Ready to take the plunge into water cooling but not sure how to do it? Thermaltake would like to offer their all-in-one kit dubbed the Bigwater 760i as a solution. Making it easy for all of us to switch to water is one thing but offering a competitive kit at a competitive price is another. Can Thermaltake pull it off?
Most computer enthusiasts know that water is inherently better than air when it comes to cooling our nuclear powered rigs. This is primarily due to water’s capability to hold and transport more heat than air within the same volume of space. It is this property that has long allured users to take the plunge and stick water inside their machine regardless of the dangers. It is these same dangers that have kept water cooling on the fringe of mainstream acceptance. No one wants to deal with the reality of coming home to a dead machine only to realize the cause of the untimely demise was a leak in their water cooling loop. And so company after company has sought to solve this problem and devise a system so easy, a system so fool proof that it could rival the ease of air cooling while maintaining the benefits of water cooling. Not an easy feat to be sure. Enter Thermaltake, a company dedicated to cooling since 1999. With their vast amount of experience and R&D resources they stand ready to bring water cooling to the mainstream.
Presenting the Thermaltake Bigwater 760i, an internal, all-in-one water cooling solution for the masses. It has an adjustable LED fan, easy to read reservoir, quick disconnect fittings and a whole lot more. But does it have what it takes to supplant air cooling as the choice of cooling for millions of users? I intend to find out.
Thermaltake Bigwater 760i
Thermaltake: The company
Established in 1999, Thermaltake is a company many enthusiasts have come to know for providing a wide range of products including cases, fans, heat sinks, water cooling kits, fan controllers, and accessories. The list goes on and on. Making it in this business is hard enough let alone sticking around for over eight years and building a name for yourself. Here is a snippet from the Thermaltake web site:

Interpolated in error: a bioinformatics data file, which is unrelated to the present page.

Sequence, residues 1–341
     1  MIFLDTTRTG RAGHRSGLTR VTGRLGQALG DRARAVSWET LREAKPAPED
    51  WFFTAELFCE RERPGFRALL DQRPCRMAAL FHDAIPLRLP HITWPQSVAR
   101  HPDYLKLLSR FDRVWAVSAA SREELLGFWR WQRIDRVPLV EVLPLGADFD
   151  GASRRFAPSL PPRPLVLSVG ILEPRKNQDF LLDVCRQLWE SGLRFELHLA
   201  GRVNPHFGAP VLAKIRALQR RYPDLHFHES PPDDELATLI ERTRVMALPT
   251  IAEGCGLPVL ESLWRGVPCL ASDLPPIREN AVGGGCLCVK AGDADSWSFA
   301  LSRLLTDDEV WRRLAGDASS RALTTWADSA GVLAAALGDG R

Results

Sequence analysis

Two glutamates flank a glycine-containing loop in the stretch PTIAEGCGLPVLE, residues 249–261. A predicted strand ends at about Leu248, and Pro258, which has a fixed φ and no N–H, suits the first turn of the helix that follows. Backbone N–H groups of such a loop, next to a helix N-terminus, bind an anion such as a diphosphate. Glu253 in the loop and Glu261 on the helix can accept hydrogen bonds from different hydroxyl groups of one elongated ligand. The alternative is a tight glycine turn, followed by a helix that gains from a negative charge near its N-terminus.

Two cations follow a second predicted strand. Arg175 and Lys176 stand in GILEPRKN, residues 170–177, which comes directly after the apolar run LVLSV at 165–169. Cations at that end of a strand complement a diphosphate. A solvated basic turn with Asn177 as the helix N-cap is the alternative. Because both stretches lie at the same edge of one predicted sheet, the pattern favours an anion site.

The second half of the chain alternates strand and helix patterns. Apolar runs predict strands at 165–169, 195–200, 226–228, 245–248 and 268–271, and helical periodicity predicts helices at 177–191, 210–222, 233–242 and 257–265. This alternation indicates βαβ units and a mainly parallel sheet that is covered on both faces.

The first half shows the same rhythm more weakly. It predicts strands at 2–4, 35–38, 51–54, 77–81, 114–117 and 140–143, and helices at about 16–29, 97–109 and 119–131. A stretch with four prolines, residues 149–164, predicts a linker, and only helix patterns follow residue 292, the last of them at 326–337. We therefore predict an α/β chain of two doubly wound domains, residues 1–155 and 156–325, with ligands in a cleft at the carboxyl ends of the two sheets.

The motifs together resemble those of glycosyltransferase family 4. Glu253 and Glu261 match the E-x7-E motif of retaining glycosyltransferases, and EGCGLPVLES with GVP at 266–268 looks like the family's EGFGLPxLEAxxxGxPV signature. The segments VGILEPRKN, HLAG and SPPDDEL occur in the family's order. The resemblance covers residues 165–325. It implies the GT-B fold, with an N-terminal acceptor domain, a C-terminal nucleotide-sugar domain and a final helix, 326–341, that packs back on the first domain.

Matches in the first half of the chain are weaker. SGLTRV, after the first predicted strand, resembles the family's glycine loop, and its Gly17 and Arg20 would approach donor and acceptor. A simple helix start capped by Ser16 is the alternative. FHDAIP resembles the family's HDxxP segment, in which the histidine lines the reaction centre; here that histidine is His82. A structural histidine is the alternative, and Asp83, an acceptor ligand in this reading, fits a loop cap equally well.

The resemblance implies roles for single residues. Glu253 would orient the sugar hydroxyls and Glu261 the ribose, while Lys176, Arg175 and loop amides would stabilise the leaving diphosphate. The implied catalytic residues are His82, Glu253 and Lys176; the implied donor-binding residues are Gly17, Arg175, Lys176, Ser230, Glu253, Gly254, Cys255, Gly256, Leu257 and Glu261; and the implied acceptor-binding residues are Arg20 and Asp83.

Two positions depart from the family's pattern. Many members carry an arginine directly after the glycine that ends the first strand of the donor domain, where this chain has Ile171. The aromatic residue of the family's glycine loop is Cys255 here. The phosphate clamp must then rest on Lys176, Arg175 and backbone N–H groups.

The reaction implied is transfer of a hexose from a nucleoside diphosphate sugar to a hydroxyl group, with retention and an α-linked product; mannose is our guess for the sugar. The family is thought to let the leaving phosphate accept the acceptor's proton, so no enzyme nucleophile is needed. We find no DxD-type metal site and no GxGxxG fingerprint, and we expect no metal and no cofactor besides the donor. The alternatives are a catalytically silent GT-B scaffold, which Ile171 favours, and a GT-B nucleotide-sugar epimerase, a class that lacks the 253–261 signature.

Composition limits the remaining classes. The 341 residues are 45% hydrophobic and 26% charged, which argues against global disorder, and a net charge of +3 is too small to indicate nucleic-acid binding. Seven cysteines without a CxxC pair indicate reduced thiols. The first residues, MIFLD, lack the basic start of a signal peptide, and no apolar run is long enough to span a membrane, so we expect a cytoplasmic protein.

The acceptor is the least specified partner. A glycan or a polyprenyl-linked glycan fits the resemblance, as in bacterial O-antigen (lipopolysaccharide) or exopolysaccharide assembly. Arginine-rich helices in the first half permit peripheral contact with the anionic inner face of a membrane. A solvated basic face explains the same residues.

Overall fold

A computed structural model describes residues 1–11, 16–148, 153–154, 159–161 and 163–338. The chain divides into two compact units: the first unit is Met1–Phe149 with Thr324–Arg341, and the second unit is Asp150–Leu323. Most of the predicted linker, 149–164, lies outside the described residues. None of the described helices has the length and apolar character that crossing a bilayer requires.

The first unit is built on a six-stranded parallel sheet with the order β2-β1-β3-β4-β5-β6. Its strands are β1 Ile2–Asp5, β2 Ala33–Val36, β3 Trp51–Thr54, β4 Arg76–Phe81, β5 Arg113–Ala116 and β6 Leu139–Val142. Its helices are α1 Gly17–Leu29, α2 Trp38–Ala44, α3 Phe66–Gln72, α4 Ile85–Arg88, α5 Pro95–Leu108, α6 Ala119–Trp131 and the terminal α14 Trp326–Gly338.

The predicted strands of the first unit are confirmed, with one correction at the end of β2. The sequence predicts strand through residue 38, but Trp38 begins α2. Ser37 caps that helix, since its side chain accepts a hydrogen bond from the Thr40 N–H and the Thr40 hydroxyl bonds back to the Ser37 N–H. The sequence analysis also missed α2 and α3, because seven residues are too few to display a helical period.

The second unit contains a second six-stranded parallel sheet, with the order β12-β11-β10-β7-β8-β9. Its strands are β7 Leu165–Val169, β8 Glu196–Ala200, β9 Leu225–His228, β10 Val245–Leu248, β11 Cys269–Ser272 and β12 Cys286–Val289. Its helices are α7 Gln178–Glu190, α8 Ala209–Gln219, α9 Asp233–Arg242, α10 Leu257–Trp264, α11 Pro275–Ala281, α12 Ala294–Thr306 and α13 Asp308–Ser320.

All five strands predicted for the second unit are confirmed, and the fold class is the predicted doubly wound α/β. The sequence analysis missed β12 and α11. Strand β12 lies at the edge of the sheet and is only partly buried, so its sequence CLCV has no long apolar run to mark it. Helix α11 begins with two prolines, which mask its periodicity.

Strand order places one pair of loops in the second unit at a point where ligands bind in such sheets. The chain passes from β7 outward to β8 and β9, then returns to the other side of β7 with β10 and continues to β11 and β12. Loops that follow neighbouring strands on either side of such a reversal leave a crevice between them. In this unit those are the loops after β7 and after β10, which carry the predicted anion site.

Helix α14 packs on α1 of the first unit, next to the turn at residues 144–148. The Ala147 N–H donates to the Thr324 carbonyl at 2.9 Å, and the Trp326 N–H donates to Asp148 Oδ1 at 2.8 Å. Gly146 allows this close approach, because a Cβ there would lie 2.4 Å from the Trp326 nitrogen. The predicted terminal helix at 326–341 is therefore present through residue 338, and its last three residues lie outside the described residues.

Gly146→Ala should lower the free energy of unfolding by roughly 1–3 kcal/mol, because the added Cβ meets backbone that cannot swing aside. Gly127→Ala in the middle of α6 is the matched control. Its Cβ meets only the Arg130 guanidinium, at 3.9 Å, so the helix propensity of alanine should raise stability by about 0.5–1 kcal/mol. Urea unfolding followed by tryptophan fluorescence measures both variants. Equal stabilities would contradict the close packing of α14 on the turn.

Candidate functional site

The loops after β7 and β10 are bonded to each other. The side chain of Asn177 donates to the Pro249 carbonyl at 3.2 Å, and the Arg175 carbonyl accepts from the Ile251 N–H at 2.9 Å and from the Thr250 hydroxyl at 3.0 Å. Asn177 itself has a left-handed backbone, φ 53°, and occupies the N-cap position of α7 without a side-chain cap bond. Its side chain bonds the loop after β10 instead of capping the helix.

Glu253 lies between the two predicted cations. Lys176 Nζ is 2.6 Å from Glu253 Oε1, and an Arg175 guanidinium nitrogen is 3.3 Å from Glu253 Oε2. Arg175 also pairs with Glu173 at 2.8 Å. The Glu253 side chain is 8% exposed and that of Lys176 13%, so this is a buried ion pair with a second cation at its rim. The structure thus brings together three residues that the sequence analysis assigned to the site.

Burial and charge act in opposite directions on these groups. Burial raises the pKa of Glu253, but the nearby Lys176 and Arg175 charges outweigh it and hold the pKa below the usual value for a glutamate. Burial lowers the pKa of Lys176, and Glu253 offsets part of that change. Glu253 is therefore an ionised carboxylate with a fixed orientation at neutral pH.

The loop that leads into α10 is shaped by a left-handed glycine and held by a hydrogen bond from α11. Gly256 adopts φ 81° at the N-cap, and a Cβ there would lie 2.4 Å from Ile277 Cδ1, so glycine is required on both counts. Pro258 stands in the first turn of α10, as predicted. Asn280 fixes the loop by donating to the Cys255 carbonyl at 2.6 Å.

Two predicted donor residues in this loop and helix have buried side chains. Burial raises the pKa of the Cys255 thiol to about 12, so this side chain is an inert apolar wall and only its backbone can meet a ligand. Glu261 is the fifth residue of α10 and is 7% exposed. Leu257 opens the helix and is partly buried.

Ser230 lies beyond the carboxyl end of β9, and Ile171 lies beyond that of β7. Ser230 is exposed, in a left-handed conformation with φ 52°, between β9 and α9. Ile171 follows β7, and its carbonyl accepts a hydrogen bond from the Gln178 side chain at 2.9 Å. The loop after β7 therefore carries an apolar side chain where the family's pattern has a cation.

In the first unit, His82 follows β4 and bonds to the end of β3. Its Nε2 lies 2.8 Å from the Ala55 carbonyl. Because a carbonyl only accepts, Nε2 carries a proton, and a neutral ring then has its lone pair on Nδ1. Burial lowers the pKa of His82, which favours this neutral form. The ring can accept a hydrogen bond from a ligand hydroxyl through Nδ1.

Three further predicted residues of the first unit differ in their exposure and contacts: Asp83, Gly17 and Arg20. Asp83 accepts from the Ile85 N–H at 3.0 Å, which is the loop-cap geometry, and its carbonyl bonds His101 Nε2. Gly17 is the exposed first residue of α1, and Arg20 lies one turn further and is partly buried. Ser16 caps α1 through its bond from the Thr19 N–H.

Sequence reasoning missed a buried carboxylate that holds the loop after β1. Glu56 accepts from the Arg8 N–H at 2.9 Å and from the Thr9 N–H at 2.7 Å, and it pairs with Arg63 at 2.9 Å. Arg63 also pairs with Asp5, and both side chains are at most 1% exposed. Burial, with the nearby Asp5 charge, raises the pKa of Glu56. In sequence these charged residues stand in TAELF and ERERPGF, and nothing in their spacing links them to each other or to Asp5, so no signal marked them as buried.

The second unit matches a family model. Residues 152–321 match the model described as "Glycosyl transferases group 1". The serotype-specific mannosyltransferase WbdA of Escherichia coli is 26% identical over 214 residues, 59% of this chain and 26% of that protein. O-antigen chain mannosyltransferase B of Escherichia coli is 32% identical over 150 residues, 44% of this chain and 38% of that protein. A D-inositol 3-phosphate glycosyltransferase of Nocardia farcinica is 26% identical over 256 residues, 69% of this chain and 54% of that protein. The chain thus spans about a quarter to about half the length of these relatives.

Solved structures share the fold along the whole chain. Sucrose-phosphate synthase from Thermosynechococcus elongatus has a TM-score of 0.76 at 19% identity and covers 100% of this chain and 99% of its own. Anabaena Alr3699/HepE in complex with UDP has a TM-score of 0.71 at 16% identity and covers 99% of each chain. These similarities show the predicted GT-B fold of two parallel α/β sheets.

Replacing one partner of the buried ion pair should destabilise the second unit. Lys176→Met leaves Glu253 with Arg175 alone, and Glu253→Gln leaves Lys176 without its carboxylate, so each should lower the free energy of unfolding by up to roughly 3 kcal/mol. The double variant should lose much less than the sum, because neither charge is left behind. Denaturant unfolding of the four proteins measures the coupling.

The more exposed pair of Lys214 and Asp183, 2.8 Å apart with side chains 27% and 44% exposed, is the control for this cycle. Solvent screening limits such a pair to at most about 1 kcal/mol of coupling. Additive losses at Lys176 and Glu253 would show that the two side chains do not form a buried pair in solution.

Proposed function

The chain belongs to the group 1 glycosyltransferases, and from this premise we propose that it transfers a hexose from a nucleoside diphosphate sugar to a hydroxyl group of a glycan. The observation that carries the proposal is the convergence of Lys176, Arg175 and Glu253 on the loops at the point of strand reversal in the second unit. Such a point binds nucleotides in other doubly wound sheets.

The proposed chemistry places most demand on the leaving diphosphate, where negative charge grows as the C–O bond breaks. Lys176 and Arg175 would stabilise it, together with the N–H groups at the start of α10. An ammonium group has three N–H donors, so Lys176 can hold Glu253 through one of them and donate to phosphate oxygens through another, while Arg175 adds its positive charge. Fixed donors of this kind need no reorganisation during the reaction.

Thermaltake Technology Co., Ltd.
started its core business based on our extensive knowledge of PC thermal management during the era where the area of performance CPU cooling was only exclusive for “overclockers” or PC enthusiasts. With the company’s initial launch of Orb coolers, it created waves of shocks and appraisals throughout the gaming and overclocking communities. Thermaltake quickly became the name gamers turn to when they need high-end and reliable thermal solutions.
With company’s core business of CPU cooling still growing at a vast rate, Thermaltake made another grand entry to the PC chassis industry. To date, Thermaltake has always been considered as the pioneering company that revolutionized the PC chassis industry with Xaser series enclosures. The typical and traditional beige and plastic front panel design was outdone by Xaser series chassis’s atypical gaming red and aluminum front panel. It was also the first enclosure available to public with Hardcano unit which provided users full control over computer’s thermal management system.
In the year 2002, Thermaltake announced Purepower line of power supply units for the ever-growing power-hungry PCs. Purepower series PSU quickly gained recognition with its extensive warranty and high-reliability guaranty.
Today, Thermaltake has grown into a world-class company with state-of-the-art testing and R&D facility based in Taiwan along with 60+ engineers and ID team covering each application segment such as Liquid Cooling, Air Cooling, PC Enclosure and Power Supply for main-stream users, high-end solutions, system integrators and industrial applications; thus achieve Thermaltake’s company motto, ” COOLall YOUR LIFE ” !
Here is a breakdown of the Bigwater 760i. There are a few points are worth mentioning which can be found further down the page.
For those of you who skipped ahead to my comments I will save you the time of reading through all the specs. The water block is made entirely of copper and the radiator is made of aluminum. This creates the opportunity for galvanic corrosion to occur. What is galvanic corrosion and why should you care?
Source: Wikipedia. (Our emphasis)
Galvanic corrosion is an electrochemical process in which one metal corrodes preferentially when it is in contact with a different type of metal and both metals are in an electrolyte.